With this internal dawning of a potential move toward the spiral model, but not knowing where to jump in, I asked a colleague, “What if the College and Career Readiness Standards were a curriculum?”
Quite appropriately, the response was, “The standards are only a framework for instruction and learning. They are not a curriculum.”
A framework. That was the answer I needed to hear. The gears began to turn.
Strangely, the word framework caused me to meditate on some old National Geographic recollections of traditional Inuit kayaks—seal-skin stretched across a carefully sculpted wooden frame. In their tectonic design, these kayaks are lightweight, agile, and completely functional in the open sea. In a standards-based, spiral model of instruction, the canvas of daily explorations could be stretched across a carefully sculpted framework of the standards. Students would develop a certain math agility that would empower them to navigate effectively between the operations and to develop deeper connections and understandings.
Implementing the spiral model in class
Lost in the day-dream wanderings of spiral frameworks, I read through my course’s Level A and Level B math standards and created a cursory problem for each standard. The problems were not perfect, nor was that my intent. Those problems served as a stake in the sand for future explorations. A starting point. In fact, my first felt-tip-on-paper iteration of a spiral was quite crude, with only a handful of easily-accessed standards being represented.
When I distributed the materials the next morning, I told my students they were getting the material cold and without any explanations. “Treat this like the TABE test. Answer the questions you know. Mark the ones you do not know. Give an attempt at every question. Show me what you are thinking.”
The students got to work cracking the atom of spiralized-mathematics while I walked among the desks. Peeking over their shoulders, I was surprised to see how much they knew about topics we had never really discussed because we had been stuck in the re-teaching rut of numerators and denominators. Their math was alive and in far better shape than I could have imagined!
After forty-five minutes, when the majority of students were finished, and others were nearly finished, and still others were struggling valiantly, we went over the answers on the board.
I took my time with introducing and explaining each question. Step-by-step we marched. We also discussed how these questions might appear differently in other testing formats, such as the TABE or the GED. These explanations were not a deep drilling into each problem, but rather they were a 10,000 foot overview of the big ideas. Students who got stuck on a problem copied my board work into their notes. They were encouraged that they were able to get, at least, some of the problems completed and correct. They likewise enjoyed experiencing different math strategies and not, “…fractions again…”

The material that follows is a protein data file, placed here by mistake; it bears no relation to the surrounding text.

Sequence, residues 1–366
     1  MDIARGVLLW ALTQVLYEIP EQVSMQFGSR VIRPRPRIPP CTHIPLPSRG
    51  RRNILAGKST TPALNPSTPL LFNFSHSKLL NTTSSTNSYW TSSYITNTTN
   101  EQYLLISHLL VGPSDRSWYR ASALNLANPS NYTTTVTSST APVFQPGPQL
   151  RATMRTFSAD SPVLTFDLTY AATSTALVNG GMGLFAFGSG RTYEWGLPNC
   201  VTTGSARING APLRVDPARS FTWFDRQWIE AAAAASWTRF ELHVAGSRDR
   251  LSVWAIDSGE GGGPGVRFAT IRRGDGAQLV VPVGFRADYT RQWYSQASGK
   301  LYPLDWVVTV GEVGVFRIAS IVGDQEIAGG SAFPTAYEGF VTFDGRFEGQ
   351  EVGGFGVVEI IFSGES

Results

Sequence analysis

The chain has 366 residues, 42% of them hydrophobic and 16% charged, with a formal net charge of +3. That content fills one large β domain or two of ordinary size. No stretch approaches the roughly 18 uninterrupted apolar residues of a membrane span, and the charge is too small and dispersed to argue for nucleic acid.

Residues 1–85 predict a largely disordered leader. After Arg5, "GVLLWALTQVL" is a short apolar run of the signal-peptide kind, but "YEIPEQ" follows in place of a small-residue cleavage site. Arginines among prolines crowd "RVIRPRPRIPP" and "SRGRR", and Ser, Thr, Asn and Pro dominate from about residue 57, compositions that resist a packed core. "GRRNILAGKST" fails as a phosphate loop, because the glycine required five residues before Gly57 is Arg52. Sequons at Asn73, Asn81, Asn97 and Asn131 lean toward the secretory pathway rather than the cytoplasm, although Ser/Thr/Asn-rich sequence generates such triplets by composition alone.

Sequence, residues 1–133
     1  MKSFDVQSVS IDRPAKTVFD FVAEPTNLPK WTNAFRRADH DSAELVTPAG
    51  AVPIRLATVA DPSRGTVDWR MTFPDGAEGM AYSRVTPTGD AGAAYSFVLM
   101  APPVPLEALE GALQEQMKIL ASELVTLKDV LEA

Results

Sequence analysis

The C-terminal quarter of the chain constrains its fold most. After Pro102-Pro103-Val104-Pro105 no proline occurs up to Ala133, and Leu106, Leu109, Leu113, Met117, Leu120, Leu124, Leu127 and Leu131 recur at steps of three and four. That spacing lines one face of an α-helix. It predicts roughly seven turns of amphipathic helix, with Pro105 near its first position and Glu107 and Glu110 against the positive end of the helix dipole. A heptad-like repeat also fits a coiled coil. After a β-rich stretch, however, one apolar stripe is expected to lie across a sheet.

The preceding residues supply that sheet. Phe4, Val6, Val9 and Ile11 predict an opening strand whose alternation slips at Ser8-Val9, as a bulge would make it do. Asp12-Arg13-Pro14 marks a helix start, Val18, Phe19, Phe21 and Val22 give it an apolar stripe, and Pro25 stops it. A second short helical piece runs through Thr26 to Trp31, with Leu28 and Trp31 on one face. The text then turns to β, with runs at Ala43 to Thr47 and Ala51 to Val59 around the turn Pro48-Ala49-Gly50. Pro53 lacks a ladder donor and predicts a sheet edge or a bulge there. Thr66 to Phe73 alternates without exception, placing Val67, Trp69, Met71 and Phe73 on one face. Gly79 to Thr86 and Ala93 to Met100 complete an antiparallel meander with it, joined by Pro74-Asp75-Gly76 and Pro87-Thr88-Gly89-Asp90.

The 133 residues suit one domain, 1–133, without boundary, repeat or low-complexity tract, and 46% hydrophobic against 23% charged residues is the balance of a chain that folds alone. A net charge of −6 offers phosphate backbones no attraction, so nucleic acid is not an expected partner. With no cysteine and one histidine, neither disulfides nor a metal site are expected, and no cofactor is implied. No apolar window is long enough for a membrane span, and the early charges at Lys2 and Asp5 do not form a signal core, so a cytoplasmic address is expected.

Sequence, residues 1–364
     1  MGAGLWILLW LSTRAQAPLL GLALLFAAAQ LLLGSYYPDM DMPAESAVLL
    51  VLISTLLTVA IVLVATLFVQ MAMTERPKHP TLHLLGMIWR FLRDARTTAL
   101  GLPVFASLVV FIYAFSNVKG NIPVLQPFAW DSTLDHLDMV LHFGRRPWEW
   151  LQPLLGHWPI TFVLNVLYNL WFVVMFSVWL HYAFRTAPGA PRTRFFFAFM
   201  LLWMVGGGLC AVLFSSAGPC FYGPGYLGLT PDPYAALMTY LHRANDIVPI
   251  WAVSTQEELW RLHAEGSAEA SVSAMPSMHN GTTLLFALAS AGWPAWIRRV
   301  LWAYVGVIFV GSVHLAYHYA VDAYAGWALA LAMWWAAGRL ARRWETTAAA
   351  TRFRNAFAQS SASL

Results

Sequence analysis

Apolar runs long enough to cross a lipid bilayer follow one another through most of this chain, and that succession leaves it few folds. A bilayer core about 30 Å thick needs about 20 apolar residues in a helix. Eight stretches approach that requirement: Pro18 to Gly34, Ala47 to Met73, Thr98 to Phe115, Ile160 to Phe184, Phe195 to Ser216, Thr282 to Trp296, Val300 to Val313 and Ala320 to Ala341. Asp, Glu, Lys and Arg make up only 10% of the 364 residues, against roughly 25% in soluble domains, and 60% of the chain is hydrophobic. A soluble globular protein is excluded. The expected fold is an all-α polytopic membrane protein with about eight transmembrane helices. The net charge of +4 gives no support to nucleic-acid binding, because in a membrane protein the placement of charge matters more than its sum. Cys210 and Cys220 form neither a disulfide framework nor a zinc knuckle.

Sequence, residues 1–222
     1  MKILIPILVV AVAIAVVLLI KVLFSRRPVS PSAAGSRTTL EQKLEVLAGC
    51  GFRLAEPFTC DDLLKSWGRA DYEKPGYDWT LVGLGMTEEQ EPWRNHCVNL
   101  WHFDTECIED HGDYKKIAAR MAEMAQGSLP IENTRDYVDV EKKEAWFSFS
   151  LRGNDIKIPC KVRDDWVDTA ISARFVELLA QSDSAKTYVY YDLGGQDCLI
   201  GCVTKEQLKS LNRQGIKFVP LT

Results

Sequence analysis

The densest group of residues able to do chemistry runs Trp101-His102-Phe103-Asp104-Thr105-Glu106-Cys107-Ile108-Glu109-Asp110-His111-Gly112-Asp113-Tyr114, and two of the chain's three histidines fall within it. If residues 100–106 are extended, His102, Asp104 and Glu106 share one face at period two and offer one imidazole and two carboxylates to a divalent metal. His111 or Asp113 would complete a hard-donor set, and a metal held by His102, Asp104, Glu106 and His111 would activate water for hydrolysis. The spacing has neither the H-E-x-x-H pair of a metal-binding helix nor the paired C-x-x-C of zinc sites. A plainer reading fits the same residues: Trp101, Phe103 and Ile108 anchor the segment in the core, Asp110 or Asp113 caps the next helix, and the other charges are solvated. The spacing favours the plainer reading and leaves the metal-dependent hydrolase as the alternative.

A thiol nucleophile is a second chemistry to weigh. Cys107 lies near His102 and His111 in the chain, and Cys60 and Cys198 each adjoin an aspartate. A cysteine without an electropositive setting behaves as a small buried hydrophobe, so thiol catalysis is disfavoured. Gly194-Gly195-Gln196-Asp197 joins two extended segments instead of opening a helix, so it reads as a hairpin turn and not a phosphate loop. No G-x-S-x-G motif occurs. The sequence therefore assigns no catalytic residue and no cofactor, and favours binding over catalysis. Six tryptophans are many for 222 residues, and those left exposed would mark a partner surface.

When the class was over, I reminded the students to keep their assignments and notes because they would be seeing similar problems the following week. “These are tools for your mathbox. Take good care of them.” This is the beauty of the spiral model.
The next day, we worked through a few more of the standards, and followed the same post-lesson explanations and discussions. This daily routine continued until we had worked through one problem for each of the standards. The following week, we repeated the whole spiral process. Same standards, different problems. Students were reminded to use the previous week’s materials and explanations as a guide for those new challenges. As they worked, I observed high levels of collaboration between themselves—they were teaching each other! I could hear them attacking each question with confidence. “Remember last week how the teacher said to…” Even the new students contributed a verse to the questions they understood.
Always, our board discussions were replete with questions that helped me to understand the common sticking points (63≠18). Furthermore, students were invited to share their work and their that-is-not-how-I-did-it methods on the board. We even took time to test the legitimacy of their “shortcuts” to see if they would always work. In our explorations, their ideas were every bit as important as my own.
Seeing how the spiral model proved useful for my students, I was intrigued to explore a little more. Over the course of the following months, I edited the daily problems to something more approachable and created supplemental materials to help students in their areas of struggle. Eventually, my felt-tip originals were replaced by a work smarter, not harder Word.doc that allowed me to print off question stems, write in a new set of numbers, and hit the “Start Copy” button. Each week, I presented new, but familiar, challenges to the students, who were quick to review previous materials before visiting my desk. In time, students developed a robust mathbox of examples and explanations that became crucial allies in those moments of struggle. I was pleased with their strides towards math self-efficacy.
I have dabbled in the spiral model of instruction for a little over a year, and I continue to find that students show steady gains on their TABE tests and they are more confident when they move up to subsequent levels of math instruction. They have a certain joy and pride in the realization that they are learning. “It took me a minute, but now I get it.”
Even after a year, however, my journey into the spiral method of instruction has only scratched the surface of what is possible. My constant editing of material and balancing of standards keeps me busy and forces me to find new ways to re-present old problems. As a result, I am always on the search for connections between what we do in class and real-world applications. After all, we do use this “stuff” in life, every day.
Originally published 7/8/22